While the boss fights are some of the more difficult areas of the game, the game itself isn’t too much of a challenge. There are no areas where I felt the game was unfair or cheap, and in many cases I felt like the game was maybe a little too easy. You are given plenty of time to retrieve your head before it disappears and the puzzles although fun, are not intense brain teasers. This works highly in Puppeteer’s favour though, as this is a game made for all ages, and unlike most family-oriented games, this one really will be fun for everyone.




The visuals here in Puppeteer are simply outstanding. Everything looks like it was carved roughly from a piece of wood, or sewn together from fabric. It really brings the puppet-show vibe to life, and seeing the characters and monsters on stage is a marvel to behold.

Screenshots for this game don’t do it justice, as a lot of the magic comes from the way characters and areas move. Kutaro looks and acts like a marionette puppet would, bobbing and staggering as he moves, yet it is all so fluid and impressive. For those who have been to professional puppet shows in the past, you will know exactly what I’m talking about – it looks that good.

The game has an interesting way of adjusting between stages too, with many of the backdrops and foreground being removed from the scene and replaced in front of your eyes. This adds to the live performance feel, and seeing the stage change in front of you is almost as enjoying as watching the characters move around. From a technical standpoint these animations couldn’t have been easy, but the time and care that has been put into them is really noticeable and really appreciated.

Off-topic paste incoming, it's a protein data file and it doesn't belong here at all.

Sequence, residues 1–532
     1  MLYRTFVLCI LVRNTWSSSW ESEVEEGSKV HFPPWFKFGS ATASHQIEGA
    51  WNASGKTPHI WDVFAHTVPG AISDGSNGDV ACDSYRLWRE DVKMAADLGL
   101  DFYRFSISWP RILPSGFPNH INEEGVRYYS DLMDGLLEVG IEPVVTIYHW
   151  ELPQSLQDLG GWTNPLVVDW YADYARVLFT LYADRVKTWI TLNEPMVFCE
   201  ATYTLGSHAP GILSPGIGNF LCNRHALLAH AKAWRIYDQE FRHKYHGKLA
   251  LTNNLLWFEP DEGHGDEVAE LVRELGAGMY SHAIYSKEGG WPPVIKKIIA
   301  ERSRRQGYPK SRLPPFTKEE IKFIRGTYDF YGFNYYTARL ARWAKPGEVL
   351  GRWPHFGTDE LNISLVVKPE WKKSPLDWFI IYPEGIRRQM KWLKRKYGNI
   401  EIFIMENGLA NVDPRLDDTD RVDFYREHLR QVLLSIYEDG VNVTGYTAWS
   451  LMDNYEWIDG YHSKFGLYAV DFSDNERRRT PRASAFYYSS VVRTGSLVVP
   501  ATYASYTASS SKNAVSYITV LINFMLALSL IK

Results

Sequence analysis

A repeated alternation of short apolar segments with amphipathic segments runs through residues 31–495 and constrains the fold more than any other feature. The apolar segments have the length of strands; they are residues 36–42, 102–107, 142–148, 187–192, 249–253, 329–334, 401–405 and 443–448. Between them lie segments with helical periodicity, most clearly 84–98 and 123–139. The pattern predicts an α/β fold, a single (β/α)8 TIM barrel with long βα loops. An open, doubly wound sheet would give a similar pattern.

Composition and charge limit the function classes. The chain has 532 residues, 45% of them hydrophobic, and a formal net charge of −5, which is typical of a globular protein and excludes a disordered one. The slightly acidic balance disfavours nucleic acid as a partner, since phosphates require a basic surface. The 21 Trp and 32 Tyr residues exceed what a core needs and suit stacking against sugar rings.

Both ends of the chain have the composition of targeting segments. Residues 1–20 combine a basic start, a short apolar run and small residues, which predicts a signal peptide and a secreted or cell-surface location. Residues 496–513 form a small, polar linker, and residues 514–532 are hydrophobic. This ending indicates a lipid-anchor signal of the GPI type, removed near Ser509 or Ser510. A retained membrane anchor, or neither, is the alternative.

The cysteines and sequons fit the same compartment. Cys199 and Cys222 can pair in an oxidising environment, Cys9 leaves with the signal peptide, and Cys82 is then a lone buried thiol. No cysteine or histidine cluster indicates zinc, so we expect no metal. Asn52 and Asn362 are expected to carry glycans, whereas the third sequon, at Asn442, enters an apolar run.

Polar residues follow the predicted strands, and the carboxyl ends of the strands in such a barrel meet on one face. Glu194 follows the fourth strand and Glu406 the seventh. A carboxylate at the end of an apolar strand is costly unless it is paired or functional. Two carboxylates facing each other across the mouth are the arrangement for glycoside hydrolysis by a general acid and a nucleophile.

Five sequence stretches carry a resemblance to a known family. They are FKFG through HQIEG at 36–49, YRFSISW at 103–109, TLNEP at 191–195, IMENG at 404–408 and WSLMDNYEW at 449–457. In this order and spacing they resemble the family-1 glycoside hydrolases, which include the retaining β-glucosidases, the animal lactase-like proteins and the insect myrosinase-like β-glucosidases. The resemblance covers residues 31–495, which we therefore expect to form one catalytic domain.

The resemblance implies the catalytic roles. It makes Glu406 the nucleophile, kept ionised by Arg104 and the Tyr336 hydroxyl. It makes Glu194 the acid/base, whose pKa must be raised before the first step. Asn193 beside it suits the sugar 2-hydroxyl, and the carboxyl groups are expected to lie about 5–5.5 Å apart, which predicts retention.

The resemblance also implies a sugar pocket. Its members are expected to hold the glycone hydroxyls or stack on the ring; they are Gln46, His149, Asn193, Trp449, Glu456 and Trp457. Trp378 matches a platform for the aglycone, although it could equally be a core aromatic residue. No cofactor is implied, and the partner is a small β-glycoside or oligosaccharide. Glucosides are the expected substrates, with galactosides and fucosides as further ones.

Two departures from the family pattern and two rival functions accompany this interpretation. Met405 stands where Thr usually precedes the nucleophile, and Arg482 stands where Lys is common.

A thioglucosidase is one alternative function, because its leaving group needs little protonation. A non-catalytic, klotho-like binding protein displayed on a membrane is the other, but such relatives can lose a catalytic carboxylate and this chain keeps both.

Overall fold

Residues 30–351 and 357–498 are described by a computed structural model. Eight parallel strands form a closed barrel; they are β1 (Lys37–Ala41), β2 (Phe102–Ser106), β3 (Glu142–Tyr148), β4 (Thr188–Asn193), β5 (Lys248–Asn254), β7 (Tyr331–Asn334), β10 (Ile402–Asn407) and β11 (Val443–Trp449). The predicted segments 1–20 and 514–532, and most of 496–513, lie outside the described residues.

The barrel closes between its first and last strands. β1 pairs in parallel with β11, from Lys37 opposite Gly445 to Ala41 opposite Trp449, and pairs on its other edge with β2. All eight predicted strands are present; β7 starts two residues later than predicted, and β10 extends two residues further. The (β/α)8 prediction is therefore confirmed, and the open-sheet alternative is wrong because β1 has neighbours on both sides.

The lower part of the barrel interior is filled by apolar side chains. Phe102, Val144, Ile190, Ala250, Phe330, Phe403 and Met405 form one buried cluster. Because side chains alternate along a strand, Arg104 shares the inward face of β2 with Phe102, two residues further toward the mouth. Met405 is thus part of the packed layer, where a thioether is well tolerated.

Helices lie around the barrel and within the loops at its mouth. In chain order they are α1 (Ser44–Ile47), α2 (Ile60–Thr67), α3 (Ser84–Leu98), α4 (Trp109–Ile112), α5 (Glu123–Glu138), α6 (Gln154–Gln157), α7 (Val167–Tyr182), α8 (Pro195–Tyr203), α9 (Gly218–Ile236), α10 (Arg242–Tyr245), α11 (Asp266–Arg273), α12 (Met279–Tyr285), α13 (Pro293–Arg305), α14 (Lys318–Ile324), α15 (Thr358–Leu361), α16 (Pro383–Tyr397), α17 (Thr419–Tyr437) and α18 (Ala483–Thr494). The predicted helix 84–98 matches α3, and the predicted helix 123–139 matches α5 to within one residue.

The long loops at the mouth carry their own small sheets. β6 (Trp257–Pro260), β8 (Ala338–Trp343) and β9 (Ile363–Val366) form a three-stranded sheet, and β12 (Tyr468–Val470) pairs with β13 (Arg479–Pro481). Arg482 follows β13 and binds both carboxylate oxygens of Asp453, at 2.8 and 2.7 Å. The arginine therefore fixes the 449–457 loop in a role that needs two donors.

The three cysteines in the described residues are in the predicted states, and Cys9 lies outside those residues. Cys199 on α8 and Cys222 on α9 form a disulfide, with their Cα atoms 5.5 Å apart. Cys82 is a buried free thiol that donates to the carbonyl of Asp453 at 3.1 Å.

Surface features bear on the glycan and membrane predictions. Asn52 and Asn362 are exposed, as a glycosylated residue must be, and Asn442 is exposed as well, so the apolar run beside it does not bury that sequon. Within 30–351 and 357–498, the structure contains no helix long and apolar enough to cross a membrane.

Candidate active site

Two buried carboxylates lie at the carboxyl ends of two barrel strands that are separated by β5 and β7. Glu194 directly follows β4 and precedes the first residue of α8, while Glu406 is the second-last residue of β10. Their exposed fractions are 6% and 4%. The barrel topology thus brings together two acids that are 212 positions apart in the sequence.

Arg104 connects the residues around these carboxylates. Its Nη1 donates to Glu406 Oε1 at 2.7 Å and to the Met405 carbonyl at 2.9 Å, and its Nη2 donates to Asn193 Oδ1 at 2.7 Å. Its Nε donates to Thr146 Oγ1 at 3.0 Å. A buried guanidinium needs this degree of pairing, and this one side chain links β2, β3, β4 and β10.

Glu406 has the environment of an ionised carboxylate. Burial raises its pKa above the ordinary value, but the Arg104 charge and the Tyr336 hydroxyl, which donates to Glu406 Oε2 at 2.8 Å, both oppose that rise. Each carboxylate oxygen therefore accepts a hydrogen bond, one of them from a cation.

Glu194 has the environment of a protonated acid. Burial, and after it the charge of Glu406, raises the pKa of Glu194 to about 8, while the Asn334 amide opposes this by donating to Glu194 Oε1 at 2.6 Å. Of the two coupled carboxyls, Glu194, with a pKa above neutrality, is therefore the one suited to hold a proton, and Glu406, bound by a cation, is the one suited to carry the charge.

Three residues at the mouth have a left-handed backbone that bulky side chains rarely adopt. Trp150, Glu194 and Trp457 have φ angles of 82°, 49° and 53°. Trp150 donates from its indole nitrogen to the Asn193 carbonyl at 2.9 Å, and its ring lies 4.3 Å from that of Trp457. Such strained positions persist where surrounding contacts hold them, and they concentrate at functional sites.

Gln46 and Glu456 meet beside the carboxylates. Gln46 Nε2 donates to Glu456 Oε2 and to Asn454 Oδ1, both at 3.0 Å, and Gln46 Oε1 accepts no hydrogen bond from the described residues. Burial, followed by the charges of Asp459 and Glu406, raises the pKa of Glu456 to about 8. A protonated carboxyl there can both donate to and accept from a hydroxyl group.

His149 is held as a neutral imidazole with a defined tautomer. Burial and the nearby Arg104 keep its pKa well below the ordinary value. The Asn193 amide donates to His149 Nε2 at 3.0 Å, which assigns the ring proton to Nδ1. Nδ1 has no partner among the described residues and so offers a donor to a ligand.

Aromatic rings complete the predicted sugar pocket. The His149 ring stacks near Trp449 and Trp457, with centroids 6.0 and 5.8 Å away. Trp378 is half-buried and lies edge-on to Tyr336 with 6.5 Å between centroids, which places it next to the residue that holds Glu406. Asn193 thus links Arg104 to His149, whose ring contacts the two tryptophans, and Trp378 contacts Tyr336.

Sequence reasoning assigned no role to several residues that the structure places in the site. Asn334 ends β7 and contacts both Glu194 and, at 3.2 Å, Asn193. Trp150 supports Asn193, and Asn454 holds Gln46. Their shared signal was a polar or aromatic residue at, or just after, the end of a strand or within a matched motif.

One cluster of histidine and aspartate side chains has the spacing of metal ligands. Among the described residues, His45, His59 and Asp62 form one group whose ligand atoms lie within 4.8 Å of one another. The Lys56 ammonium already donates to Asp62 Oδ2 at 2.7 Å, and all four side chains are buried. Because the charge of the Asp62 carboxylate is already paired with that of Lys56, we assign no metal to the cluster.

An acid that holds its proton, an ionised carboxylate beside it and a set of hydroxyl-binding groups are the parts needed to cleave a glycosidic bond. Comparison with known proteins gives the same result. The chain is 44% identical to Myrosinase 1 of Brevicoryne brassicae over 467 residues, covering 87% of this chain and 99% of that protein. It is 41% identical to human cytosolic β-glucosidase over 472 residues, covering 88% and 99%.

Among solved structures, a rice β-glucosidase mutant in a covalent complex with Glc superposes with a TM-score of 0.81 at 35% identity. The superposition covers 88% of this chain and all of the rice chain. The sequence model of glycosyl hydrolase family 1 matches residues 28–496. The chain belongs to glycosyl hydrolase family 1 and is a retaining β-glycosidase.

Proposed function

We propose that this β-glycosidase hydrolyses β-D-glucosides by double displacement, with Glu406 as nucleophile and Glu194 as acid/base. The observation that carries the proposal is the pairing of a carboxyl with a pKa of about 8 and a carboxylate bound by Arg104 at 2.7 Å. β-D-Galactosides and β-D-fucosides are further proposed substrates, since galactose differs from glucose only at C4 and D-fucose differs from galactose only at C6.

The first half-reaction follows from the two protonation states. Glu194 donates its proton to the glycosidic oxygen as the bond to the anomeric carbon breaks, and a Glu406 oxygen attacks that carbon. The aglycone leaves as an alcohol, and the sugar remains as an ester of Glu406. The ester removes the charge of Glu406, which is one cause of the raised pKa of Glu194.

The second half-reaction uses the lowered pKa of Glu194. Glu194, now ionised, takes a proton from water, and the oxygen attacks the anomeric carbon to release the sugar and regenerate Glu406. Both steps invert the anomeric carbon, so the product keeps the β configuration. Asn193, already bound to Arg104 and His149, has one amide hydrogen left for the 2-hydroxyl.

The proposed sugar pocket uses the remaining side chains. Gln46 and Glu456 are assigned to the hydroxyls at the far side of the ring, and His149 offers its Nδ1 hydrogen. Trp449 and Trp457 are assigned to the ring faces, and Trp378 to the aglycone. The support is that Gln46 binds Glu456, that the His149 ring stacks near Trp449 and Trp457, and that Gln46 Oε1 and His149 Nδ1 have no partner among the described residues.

You 3d-TV owners out there are in for a real treat with Puppeteer, as it offers stereoscopic 3d. Not only does it offer 3D, but it absolutely nails it. The visual style and manner of things popping out of the screen at players makes for an incredible viewing experience and really adds to the feel of a puppet show that the game presents.




A lot of Puppeteer’s charm and character can be link to its audio. From the music that greets you as you enter the game, through to the extremely impressive voice acting, everything is just so well composed and honestly the game just wouldn’t be the same without it. The music is the first thing that will catch your attention. It is beautifully composed and accurately sets the tone for the story and for the stages as you play the game. This, coupled with some incredible voice acting and masterful sound effects really combine to bring the world alive.

The music and voice acting is great, but what really captures the spirit of the game is the ‘audience’ members. As you perform certain actions, the audience will react accordingly. Cheering, laughing, gasping and many other emotions are all inserted into the game, giving it the lifelike and interactive atmosphere.




Puppeteer is one of those rare examples in media which proves that games aimed at children can also be enjoyed by teens and even adults. It is masterfully crafted, and a joy to play. Although it seems a bit easy at times, and often the cut scenes will drag on for far too long, the clever cutting mechanic, great platforming and reliance on puzzle solving over straight up combat more than make up for it. The beautiful design and visuals, as well as the audio really bring the game to life, and if you were stuck watching someone play Puppeteer instead of being able to do so yourself, then you will get just as much enjoyment out of it.